And then there's Tamerlan Tsarnaev. An FBI team is still on the ground in Russia investigating what contract and influence extremists might have had with him.

DAVID FILIPOV, BOSTON GLOBE REPORTER: We don't have that evidence. But that's the evidence that everyone was looking for. That connection, that link.

NEWTON: David Filipov is a veteran Boston Globe reporter who lived in Russia for a decade. He's spent the last month trying to retrace Tsarnaev's path to extremism. The older brother he says clearly went looking for literature and videos about it.

FILIPOV: Now, did looking at that convince him, hey, I'm living in a place surrounded by Americans, Americans are killing Muslims, therefore to go out and kill Americans? This idea that I'm so radicalized that I identify with the enemy with these people here and I'm going to kill them -- that's something rational people have trouble with.

NEWTON: That's what this city is starting to come to terms with. As the investigation becomes more complicated, the simple question of why is almost impossible to answer.

Paula Newton, CNN, Boston.


KOSIK: Another amazing survivor story is just ahead. An Afghan woman mutilated by her Taliban husband gets major reconstructive surgery here in the U.S. We're going to show you what her face and her life look like now.


KOSIK: A young Afghan woman who was disfigured by her Taliban family is refusing to let that horrifying attack ruin the rest of her life. Aesha's nose and ears were cut off, a punishment for running away. The brutality of the attack was revealed to the world on the cover of Time magazine in 2010. Three years later, Aesha is rebuilding her face and life in the U.S. Christiane Amanpour has her remarkable story. (BEGIN VIDEOTAPE)

CHRISTIANE AMANPOUR, CNN HOST (voice-over): It is a work in progress. Twenty-two-year-old Aesha's face and her life, imperfect and incomplete.

AESHA: People laugh at me here, too. But I don't care if they laugh or if they don't laugh. When people ask what happened to your nose, I told them, it is none of your business.

AMANPOUR (voice-over): But Aesha's nose became the world's business when her face graced the cover of "Time" magazine in 2010. Her nose and her ears were hacked off by her husband and her in-laws. She'd been in a marriage borne out of Taliban justice.

As so often happens to young women in Afghanistan, she was handed over when she was 12 years old as blood money after her uncle was accused of murder.

AESHA : Otherwise, they said, we will sentence you to death. And my father agreed.

AMANPOUR (voice-over): Aesha says that her in-laws physically and verbally abused her for five years.

AESHA : In Afghanistan, when a woman is given to settle disputes, this is the treatment she receives.

AMANPOUR (voice-over): Too many Afghan women know this suffering. A recent poll ranked Afghanistan as the most dangerous place in the world to be a woman.

Aesha dared to run away from the abuse. She was caught, though, and imprisoned and then returned to her in-laws, and that's when they mutilated her face and left her for dead. But somehow she survived and found her way to help. She was brought to a NATO military base, where she was treated.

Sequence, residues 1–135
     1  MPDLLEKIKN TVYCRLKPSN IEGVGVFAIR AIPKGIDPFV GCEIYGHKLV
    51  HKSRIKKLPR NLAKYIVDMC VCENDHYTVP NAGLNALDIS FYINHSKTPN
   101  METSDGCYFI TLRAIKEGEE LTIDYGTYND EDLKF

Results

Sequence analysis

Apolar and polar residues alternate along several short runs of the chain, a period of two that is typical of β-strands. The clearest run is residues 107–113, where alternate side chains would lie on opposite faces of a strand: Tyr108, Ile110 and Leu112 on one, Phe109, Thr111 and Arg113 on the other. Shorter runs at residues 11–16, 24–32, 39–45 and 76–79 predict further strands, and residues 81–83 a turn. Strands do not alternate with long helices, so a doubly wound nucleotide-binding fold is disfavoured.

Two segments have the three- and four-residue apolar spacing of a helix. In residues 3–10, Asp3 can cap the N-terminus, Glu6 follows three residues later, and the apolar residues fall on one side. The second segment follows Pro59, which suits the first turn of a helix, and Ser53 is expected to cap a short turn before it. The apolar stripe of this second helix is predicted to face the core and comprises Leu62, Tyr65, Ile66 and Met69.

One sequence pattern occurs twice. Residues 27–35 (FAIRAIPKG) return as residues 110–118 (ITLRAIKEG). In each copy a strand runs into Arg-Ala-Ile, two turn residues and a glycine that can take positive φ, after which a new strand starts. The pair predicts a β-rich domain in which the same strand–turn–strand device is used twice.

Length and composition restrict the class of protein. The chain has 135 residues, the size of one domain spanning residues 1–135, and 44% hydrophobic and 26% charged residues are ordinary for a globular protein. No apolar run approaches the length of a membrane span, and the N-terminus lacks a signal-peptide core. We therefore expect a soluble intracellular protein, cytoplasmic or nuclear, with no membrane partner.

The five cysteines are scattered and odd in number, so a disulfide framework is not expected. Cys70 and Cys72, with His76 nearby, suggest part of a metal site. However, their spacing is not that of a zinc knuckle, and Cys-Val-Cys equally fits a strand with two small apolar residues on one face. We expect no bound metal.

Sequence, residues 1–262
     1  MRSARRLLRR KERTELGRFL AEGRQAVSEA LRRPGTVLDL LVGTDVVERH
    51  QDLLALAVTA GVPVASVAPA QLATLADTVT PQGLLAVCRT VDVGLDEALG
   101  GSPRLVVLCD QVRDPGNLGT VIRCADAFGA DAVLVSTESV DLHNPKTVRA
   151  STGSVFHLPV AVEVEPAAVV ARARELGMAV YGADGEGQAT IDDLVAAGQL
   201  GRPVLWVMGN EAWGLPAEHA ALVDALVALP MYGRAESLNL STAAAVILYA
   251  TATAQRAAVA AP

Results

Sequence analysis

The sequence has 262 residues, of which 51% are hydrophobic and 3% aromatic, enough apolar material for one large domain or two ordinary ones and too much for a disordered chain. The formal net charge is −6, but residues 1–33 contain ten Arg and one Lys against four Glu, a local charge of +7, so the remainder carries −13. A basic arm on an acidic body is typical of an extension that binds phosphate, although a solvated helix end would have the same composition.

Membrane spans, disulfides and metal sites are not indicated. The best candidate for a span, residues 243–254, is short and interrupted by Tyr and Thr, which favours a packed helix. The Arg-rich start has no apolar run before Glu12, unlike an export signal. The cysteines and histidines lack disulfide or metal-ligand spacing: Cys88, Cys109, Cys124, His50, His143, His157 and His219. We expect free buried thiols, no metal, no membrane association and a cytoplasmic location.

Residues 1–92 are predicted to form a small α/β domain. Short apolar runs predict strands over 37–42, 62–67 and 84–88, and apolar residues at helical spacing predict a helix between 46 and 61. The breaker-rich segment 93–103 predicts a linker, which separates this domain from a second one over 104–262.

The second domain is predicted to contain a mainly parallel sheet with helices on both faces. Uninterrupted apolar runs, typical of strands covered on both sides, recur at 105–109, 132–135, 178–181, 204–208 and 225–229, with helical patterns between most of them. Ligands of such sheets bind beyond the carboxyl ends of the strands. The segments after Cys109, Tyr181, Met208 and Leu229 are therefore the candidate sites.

AESHA: When I was in the hospital with Americans, that was the first time when I felt like a human being.

How are you?

UNIDENTIFIED FEMALE: I'm good; how are you?

AESHA: I'm good.


AMANPOUR (voice-over): And then she was moved to a women's shelter in Kabul. Nine months later, her haunting image appeared. And now she was even more of a target for the Taliban. So she had to leave the country. A U.S. foundation agreed to bring her to California for a new face and a chance at a new life.

UNIDENTIFIED FEMALE: Are you in America? AESHA: (Inaudible).


AESHA: I am.

UNIDENTIFIED FEMALE: Are you going to get your nose?


AMANPOUR (voice-over): But because of the years of trauma she had endured, she was deemed not ready to take on the additional burden of massive and difficult surgeries. And so she was moved across the country to New York, where a team of women began to give her some counseling, some life skills and the education that she's never had, starting with her ABCs.

ARIELA PERLMAN, AESHA'S TEACHER: This is our first project that we did together. Sometimes we felt like we were with a 3-year old, a 7- year old, an 11-year old, a 15-year old, a 45-year old, depending on what she was feeling at the moment and what she felt she needed to communicate.

SHIPHRA BAKHCHI, PSYCHOLOGIST: Her behavior could be erratic. She could be having fun and you know, wanting to be social and talkative one minute and then locking the door and throwing the covers over her head another minute. And her behavior was impulsive and very difficult at times.

AMANPOUR (voice-over): Even though she made some progress in therapy, Aesha was still emotionally empty because what she needed, what she wanted most was a family to call her own.

And soon she met an Afghan family from Maryland, Mati, his wife, Jamila, and daughter Mina (ph).

JAMILA ARSALA: (Inaudible). What do you like here?

MATI ARSALA : Uncle Mati?


AMANPOUR (voice-over): Aesha won them over and persuaded them to take her in. And now for the first time in her life, she was choosing her own path and she seemed happy.